For many of us, the Stations of the Cross is one of the most powerful devotional rituals of the Lent, and especially on Good Friday during Holy Week. It has been our custom at St. Andrew's to gather 30 minutes before the Good Friday services, outside on the front lawn, and pray the stations together.
This year, of course, we are unable to gather and so our tradition will be interrupted. But Stations of the Cross is a practice that has always been adapted to the realities of the time and space Jesus' followers have found themselves in, and we're going to follow in that tradition of adaptation with an audio version of Stations of the Cross.
Historically, the Stations of the Cross developed out of the practice of Christian pilgrims to Jerusalem, who offered prayer at a series of places in the holy city traditionally associated with Jesus’ passion and death. This path is known as the Via Delarosa. Rather than restricting the devotion just to pilgrims to Jerusalem, this journey of successive stops, or stations, now numbering 14, began to be practiced in the churches and places people lived. Each station commemorates a moment in of our Lord’s suffering and crucifixion.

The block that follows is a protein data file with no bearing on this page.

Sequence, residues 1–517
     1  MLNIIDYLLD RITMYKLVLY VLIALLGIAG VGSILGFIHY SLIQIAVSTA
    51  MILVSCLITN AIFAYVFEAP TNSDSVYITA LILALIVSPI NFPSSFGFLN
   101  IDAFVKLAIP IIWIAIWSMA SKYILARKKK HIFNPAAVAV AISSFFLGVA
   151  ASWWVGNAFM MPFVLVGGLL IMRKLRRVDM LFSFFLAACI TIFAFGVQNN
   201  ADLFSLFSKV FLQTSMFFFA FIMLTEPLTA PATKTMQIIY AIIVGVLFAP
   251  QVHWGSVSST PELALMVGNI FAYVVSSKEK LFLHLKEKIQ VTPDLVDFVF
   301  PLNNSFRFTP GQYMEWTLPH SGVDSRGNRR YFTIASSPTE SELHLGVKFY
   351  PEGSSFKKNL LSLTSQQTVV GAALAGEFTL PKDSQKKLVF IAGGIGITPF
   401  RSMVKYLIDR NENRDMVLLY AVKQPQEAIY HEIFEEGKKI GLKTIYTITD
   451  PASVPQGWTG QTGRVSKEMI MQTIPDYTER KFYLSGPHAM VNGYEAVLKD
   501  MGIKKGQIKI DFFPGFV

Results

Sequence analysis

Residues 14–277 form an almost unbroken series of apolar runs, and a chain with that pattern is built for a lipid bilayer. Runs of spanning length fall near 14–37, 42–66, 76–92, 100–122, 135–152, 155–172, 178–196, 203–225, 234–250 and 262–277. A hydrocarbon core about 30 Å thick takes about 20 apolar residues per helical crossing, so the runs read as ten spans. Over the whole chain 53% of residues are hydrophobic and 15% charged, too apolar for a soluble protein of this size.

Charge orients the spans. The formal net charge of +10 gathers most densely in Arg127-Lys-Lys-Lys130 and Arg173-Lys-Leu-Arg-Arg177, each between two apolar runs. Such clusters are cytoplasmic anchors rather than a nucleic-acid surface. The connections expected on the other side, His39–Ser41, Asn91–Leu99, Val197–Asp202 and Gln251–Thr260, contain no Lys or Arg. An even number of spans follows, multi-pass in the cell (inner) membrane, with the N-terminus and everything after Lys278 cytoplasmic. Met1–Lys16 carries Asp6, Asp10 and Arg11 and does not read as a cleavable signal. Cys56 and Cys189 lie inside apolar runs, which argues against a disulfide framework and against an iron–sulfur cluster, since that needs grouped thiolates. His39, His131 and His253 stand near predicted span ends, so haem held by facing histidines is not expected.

Often the stations are accompanied by an image or depiction of the event commemorated at that stop. In this audio version of the stations, we’ve substituted a word picture — a spoken description of the moment in Christ’s passion — at the beginning of each station. (For those who really appreciate visual images, Deacon Pam Fairley has put together a collection of paintings as a PDF).
The descriptions themselves were written by Ginny Lamoureux. We had seven volunteers serve as Readers: Stephanie Jenkins, Joshua Nicketta, Michael Nicketta, Carolyn Nicketta, Tracy Hutchison, Syd Verinder, and Laura Verinder.
The text of the stations comes from The Book of Occasional Services.
You can use this version of Stations of the Cross however you wish. But I do want to encourage you, as you are able, to use your body. Pick up a small cross, take in your hand, put in your headphones, and go for walk. Walk from station to station, walk the Way of the Cross. Don't worry so much about every response in the liturgy, just walk with Jesus, and as you do so, may this prayerful devotion bring you closer to the depth of God’s amazing love for you, a love so great, he died for you.